Population growth means Hispanics will exert more impact on future labor markets. Between 1982 and 2002, the total U.S. labor force increased by 31 percent, or 35 million workers; Hispanics contributed 11 million people to that growth figure. Continued growth for the next quarter century will make Hispanics nearly one-fifth of the U.S. work force (see table) and the major replacement factor for the retiring baby-boom generation.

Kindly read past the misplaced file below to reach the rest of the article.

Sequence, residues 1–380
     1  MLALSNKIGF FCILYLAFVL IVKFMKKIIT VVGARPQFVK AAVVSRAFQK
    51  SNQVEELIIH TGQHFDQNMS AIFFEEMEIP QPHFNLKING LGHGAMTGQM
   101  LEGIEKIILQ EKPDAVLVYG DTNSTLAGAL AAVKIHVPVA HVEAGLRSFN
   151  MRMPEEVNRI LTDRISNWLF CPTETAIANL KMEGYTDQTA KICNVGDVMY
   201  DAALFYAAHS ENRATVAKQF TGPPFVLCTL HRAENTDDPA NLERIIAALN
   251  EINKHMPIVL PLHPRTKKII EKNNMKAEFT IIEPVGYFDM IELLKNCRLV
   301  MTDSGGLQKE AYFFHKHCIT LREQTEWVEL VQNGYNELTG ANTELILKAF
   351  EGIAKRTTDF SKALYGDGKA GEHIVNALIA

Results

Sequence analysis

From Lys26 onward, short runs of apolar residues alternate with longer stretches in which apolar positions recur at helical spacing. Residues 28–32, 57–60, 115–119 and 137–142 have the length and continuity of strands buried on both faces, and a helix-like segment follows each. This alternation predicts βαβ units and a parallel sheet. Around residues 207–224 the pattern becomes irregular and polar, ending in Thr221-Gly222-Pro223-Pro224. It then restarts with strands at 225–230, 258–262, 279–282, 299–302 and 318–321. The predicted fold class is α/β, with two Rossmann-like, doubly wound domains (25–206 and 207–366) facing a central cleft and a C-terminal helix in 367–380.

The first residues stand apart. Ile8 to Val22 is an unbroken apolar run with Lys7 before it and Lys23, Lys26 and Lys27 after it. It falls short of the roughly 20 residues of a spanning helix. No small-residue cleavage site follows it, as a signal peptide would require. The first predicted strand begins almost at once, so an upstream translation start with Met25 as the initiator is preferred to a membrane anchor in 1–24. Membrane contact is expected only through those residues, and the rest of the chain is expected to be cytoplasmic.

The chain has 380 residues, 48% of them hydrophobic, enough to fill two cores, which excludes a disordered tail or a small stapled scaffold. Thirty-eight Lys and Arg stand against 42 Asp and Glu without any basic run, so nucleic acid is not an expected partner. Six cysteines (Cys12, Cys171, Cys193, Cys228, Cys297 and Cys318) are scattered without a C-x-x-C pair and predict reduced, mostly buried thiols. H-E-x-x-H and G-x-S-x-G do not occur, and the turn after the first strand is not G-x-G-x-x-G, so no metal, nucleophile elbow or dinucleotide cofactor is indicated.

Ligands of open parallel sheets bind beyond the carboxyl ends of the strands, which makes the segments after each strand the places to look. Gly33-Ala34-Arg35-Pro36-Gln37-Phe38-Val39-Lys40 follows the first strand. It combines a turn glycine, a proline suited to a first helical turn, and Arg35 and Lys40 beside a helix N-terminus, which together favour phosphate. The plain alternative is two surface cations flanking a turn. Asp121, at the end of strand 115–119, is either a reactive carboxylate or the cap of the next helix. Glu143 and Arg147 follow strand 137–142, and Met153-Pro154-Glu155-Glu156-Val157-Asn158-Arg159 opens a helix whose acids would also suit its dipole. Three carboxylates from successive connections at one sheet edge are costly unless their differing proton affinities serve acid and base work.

Occupational structure will shift toward managerial, professional, and service jobs and away from manual labor. While numerical projections about the future labor force lack certainty – many current job titles didn't exist 25 years ago – the trend toward managerial posts is clear from a comparison of 1983 and 2001 data. Currently, management and professional occupations are the fastest-growing job categories for Hispanics.